A pair of Paktong candlesticks with stop-fluted columns and gadrooning to the base and separate lift-out drip pan. There is considerable, although not deep, porosity evident to the base of the left hand candlestick, perhaps suggesting an English workshop; this can be a difficult metal to work and 18th century products often show signs of post casting plugs to faults. Probably English circa 1780.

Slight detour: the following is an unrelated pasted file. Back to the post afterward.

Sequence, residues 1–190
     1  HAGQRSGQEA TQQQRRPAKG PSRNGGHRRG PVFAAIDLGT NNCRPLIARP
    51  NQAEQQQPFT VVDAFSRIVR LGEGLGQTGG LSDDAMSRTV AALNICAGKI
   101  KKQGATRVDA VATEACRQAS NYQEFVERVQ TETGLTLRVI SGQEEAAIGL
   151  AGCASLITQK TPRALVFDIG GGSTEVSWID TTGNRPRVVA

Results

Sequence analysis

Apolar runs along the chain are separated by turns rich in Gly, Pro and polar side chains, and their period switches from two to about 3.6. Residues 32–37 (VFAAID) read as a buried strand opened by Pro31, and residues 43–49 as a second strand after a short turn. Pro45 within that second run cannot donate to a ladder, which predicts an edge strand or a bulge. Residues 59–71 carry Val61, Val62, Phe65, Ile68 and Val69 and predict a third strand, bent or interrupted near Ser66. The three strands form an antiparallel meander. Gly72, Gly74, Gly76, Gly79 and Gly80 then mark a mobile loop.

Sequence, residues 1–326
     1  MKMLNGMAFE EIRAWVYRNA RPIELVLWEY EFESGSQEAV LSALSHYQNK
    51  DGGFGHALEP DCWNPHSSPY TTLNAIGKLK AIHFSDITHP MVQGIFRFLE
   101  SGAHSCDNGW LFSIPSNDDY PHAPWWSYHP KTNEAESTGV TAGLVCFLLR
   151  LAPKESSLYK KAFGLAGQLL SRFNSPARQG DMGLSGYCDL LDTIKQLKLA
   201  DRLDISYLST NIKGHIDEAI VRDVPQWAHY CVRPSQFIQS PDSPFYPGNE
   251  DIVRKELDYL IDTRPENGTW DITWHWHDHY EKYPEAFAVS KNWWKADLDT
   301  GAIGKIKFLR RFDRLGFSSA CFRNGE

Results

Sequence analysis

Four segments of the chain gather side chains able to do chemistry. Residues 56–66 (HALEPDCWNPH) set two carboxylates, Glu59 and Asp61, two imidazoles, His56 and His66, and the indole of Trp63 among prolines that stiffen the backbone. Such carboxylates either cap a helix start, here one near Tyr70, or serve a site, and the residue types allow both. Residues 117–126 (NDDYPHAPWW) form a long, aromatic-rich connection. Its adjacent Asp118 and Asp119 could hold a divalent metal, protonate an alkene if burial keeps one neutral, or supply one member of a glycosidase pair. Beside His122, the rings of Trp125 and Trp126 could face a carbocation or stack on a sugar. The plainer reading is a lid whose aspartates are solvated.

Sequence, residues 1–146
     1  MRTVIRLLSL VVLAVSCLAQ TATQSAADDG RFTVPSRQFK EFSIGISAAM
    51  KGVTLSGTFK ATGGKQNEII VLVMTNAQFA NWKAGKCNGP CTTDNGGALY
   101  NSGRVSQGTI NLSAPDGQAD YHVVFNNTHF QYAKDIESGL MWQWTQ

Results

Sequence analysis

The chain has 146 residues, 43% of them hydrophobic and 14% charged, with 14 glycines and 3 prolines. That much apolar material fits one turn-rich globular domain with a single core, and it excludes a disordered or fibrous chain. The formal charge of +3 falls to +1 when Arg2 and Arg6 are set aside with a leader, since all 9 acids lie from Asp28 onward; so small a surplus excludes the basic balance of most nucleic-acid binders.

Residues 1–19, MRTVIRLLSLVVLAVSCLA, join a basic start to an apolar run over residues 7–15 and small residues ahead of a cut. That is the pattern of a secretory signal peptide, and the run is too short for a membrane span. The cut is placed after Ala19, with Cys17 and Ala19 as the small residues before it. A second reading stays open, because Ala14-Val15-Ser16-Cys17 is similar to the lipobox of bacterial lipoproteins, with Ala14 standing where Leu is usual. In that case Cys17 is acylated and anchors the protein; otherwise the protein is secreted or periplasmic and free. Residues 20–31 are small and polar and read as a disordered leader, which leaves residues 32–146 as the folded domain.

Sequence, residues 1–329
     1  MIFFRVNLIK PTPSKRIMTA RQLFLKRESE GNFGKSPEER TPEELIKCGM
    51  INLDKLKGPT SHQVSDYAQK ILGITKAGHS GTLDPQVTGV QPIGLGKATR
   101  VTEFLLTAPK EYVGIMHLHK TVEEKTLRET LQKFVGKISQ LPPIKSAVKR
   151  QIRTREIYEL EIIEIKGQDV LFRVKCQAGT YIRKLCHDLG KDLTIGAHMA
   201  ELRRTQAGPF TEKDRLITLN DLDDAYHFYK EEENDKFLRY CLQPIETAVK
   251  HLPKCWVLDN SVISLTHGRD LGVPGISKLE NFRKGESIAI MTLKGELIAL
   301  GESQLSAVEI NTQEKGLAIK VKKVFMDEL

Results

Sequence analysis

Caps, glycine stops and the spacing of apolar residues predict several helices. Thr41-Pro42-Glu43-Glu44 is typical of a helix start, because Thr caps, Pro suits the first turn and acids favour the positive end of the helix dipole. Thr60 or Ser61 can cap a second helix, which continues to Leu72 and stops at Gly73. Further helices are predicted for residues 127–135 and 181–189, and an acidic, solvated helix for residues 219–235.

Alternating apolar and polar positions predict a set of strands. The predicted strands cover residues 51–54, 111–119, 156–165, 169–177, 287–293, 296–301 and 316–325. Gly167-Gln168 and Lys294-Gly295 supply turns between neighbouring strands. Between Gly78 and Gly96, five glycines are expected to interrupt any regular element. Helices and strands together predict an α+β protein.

Paktong is a rare Chinese alloy imported in small quantities during the eighteenth century and used by European craftsmen to make domestic objects, sometimes in imitation of silverware. It is a very hard metal, slow to tarnish, and could therefore be used to make articles that looked as if they were made from silver but were in fact as hard as iron. The Adams brothers are known to have employed this metal in the making of fire tools, fenders and the more decorative elements of a fire grate. This metal has been shrouded in mystery since it was first recorded by Western travellers in the seventeenth century. The vital silver-coloured ingredient, nickel, was not identified in the West until the second half of the eighteenth century, and it was to be a further fifty years before scientists were able to perfect a viable imitation of paktong.